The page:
Osteogenesis imperfecta is either inherited from a parent who has the defective gene or could be a result of new mutations. Due to the defective gene, an important protein substance called type I collagen is not produced in the body. This protein plays an important role in forming connective tissues in bones and also helps in forming ligaments, teeth and the white outer tissue of the eyeballs (sclera). Due to poor production of the protein, bones become brittle and fragile and tend to break easily. Most of the mutations in OI exist in the two type I collagen genes, COL1A1 and COL1A2 and account for almost all the forms of OI.

Classification of Osteogenesis imperfecta

Depending upon the severity of the Osteogenesis imperfecta, the condition is divided into type 1, type 2, type 3, type 4. These types are classified mostly by fracture frequency and by characteristic features. Recently, research has identified three more additional variations to Osteogenesis imperfecta known as type 5, 6 and 7.

Type 1

Type 1 Osteogenesis imperfecta is the mildest and the most common form of OI. More than 50% patients suffer from Type 1 Osteogenesis imperfecta. In this type, though body produces normal type I collagen but only half the normal quantity. People with Type 1 OI may experience fewer fractures, and most often the condition may go unnoticed for several years after their birth.

Type 2

Type 2 Is the most severe form of Osteogenesis imperfecta often resulting in bone deformities in the child. Type 2 OI normally turns out to be fatal with the production of very little or poor quality collagen being produced in the body. Infants with type 2 OI are born with fragile rib cage and underdeveloped lungs. They usually die either in the womb or soon after birth.

Type 3

Osteogenesis imperfecta type III is severely progressive type associated with symptoms like short stature, a triangular face, severe scoliosis, grayish sclera, and Dentinogenesis imperfecta (impaired and irregular teeth with yellow-blue tinge). Infants with type 3 OI have fractures at the time of birth itself, and few infants reveal a fractured and eventually healed bones in the womb itself.

Type 4

Type 4 Osteogenesis imperfecta can range from very mild to severe form often resulting in growth retardation in children. A child with type 4 OI is short with bow shaped legs. Symptoms like tinted sclerae (white of the eye) and dental deformities may also be present at the time of the birth. Child normally suffers from Long bone fractures, vertebral compression, scoliosis, and ligament laxity with type 4 OI.

Type 4 also has two sub types called type 5 and type 6 OI. Though clinically they resemble type 4, types 5 and 6 have unique patterns to the bones. Type 5 exhibits features like ossification of interosseous membrane of the forearm with radial head dislocation, large callus formation and an abnormal histopathological pattern. Type 6 will have elevated alkaline phosphatase and blue-white sclerae.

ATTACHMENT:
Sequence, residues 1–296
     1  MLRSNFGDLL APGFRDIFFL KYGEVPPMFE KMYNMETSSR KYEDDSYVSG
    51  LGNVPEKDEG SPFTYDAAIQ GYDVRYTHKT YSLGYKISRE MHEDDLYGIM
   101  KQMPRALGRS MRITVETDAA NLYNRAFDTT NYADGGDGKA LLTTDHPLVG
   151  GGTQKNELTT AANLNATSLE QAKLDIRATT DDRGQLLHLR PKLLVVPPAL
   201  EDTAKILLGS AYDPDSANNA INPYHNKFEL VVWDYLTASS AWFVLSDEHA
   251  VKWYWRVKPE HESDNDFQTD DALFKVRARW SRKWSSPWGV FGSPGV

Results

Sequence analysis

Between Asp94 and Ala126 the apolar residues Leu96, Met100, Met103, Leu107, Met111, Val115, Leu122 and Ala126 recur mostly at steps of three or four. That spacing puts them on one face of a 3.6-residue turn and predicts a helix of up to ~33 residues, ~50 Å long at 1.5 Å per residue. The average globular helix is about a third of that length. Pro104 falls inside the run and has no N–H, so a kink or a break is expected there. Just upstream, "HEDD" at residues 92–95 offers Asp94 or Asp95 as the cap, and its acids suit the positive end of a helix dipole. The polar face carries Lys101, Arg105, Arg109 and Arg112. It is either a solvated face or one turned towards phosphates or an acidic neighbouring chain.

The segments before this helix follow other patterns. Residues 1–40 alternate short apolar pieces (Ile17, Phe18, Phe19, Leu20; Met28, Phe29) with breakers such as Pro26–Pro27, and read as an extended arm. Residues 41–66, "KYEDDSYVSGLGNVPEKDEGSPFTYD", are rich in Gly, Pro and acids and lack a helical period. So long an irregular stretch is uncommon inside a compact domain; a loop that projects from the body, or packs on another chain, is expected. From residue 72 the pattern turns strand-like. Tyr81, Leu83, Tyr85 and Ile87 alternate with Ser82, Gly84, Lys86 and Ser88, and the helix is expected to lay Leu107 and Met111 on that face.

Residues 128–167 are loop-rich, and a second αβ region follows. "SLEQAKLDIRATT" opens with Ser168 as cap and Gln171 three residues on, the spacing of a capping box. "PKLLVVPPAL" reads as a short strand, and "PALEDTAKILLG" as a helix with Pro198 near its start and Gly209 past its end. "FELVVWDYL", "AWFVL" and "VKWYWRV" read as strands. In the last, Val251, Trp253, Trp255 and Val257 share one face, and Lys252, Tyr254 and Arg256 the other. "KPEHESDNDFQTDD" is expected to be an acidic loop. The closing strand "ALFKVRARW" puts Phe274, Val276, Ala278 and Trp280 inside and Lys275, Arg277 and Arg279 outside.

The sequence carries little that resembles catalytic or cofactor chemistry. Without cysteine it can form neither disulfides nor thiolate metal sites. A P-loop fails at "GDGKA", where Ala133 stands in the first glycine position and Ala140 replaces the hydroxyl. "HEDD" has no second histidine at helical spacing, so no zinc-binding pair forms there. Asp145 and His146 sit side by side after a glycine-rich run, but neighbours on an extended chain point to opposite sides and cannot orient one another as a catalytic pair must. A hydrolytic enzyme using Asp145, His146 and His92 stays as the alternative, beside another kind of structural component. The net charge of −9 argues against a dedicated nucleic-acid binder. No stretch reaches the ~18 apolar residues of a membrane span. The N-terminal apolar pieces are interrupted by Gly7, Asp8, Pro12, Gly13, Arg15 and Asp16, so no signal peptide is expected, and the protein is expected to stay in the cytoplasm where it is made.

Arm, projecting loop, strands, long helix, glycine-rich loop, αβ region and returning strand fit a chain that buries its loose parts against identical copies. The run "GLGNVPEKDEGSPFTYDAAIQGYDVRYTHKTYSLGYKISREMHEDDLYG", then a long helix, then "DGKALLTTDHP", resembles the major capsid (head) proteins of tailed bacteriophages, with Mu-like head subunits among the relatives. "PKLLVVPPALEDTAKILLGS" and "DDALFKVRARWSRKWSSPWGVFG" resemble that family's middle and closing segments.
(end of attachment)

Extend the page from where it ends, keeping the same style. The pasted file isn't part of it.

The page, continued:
Most severe forms are diagnosed before birth itself. Ultrasound scanning during second trimester may reveal deformity of limbs, abnormally short fetus, irregular skull shape, lack of mineralizations and narrow chest cavity. Few cases are diagnosed soon after the birth and mild type of OI is found out much later in life when such individuals suffer from repeated fractures. However, the following diagnostic methods are used to assess the condition.

  • Clinical examination, wherein history of frequent fractures with minimal trauma is noted

  • X-Ray

  • Genetic testing of a blood sample (DNA )

  • Skin biopsy to assess collagen production.


Since Osteogenesis imperfecta is a genetic condition, it does not have a cure. Patient will be treated symptomatically and will be aided with external tools to provide maximum possible mobility. Efforts are also taken to improve muscle strength and boost the bone mass in the patient through physical therapy. Professionally designed exercise programmes are highly beneficial and play an important role in treating the patients suffering from OI. Patient may also be prescribed required nutritional supplements like calcium, and vitamin D along with physical therapy. Few suitable candidates are also treated with surgical procedure called intramedullary rod surgery wherein metal rods are inserted through the length of the long bones to support and strengthen them.

Of late, Bisphosphonates drugs are being used in treating Osteogenesis imperfecta. Bisphosphonates are used to decrease the amount of bone resorption. It also helps in preventing fractures and improve person's functional mobility. There is also research being done to understand the role of gene therapy in treating Osteogenesis imperfecta.


Prognosis of Osteogenesis imperfecta depends upon the severity of the conditions. Despite bone deformity, restricted activity, and short stature, often patients with OI lead productive and near to normal lives.

Terminologies :

  • Osteogenesis : Growing new bone
  • Osteocytes : Bone cells
  • Osteoblasts : Bone cells building new bone structure
  • Osteoclasts : Bone cells which scavange bone tissue

Tags: #Anterior Cord Syndrome #Pathologist #Osteogenesis Imperfecta
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Collection of Pages - Last revised Date: June 25, 2024